David Bourget (Western Ontario)
David Chalmers (ANU, NYU)
Rafael De Clercq
Jack Alan Reynolds
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Oxford University Press (1999)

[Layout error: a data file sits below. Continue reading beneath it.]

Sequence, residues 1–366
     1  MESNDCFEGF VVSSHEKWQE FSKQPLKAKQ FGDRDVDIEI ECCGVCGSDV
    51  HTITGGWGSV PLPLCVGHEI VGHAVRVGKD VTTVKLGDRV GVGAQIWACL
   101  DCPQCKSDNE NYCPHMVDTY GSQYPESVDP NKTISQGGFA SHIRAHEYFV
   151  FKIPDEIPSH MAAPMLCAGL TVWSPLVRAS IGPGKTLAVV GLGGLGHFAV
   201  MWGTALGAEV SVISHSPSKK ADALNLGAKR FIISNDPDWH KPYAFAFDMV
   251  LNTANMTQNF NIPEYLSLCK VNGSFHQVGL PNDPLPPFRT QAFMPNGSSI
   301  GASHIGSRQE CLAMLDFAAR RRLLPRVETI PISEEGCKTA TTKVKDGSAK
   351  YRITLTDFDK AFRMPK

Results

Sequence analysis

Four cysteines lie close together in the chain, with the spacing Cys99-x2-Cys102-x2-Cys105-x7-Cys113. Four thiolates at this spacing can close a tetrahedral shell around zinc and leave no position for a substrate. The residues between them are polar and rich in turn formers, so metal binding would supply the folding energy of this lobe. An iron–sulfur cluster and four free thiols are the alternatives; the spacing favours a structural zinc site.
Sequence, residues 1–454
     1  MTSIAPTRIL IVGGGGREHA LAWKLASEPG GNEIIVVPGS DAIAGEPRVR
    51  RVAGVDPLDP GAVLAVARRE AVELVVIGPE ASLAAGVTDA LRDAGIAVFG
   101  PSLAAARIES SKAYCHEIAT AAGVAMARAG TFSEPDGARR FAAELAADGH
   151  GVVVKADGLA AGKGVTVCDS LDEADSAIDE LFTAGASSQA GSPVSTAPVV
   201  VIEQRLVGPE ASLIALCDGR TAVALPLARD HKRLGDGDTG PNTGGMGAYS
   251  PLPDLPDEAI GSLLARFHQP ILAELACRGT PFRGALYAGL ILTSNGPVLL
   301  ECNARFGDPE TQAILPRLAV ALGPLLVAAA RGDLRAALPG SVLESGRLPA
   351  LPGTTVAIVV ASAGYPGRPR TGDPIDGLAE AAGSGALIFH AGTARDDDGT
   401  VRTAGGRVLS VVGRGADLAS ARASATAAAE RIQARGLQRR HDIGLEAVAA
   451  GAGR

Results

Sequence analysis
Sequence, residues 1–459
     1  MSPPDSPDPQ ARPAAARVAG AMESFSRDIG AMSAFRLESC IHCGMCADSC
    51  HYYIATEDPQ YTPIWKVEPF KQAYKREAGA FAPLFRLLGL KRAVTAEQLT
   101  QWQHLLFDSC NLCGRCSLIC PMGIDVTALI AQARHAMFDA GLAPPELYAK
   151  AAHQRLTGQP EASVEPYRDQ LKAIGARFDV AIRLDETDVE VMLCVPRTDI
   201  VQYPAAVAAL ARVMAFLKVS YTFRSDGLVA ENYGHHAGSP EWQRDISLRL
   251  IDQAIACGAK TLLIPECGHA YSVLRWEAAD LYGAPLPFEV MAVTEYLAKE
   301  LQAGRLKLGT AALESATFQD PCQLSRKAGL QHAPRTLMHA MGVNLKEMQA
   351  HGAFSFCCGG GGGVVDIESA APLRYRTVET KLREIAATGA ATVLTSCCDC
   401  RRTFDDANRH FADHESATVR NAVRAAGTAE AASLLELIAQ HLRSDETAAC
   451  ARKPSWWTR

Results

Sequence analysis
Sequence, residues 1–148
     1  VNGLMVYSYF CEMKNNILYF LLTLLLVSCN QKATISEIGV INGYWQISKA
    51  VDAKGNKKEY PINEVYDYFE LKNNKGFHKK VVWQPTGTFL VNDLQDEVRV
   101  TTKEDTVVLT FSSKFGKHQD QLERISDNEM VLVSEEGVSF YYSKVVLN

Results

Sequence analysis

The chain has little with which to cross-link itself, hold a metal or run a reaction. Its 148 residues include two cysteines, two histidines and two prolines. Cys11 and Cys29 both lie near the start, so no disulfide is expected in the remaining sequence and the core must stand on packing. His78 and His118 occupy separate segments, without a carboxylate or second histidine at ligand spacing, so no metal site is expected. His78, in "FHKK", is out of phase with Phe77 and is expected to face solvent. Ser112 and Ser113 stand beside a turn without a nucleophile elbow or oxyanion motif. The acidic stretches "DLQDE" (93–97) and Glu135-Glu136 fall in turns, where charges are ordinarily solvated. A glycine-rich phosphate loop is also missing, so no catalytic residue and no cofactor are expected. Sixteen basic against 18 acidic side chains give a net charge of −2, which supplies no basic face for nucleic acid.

First religion explained how the mind emerged, language developed, and overall consciousness came into being. Many of these explanations were challenged during the "age of reason," grand metaphysical theories gradually displaced many of the religious perceptions of the world, only to be displaced by scientific advances at the start of the century. Now, Zoltan Torey, an Australian psychologist, freelance science writer, and science journalist for ABC Radio National in Australia, offers a new science-based theory of the human mind. Torey spent ten years using a process he calls reverse engineering, a process with a solid grounding in neuroscience, linguistics, and biological modelling to identify what we call the mind. He shows how it emerged, relates to language, generates consciousness, and yet remains hidden from insight. Sure to be controversial, The Crucible of Consciousness provides a unified description of the human mind, an antidote to the fragmented world and other simplistic belief-systems that occupy the cultural middleground
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